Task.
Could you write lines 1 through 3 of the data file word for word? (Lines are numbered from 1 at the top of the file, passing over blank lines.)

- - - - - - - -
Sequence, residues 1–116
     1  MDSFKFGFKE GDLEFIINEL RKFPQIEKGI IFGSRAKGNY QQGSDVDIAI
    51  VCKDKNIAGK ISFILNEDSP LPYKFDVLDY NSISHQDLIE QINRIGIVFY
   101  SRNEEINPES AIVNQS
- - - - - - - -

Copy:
Sequence, residues 1–116
     1  MDSFKFGFKE GDLEFIINEL RKFPQIEKGI IFGSRAKGNY QQGSDVDIAI
    51  VCKDKNIAGK ISFILNEDSP LPYKFDVLDY NSISHQDLIE QINRIGIVFY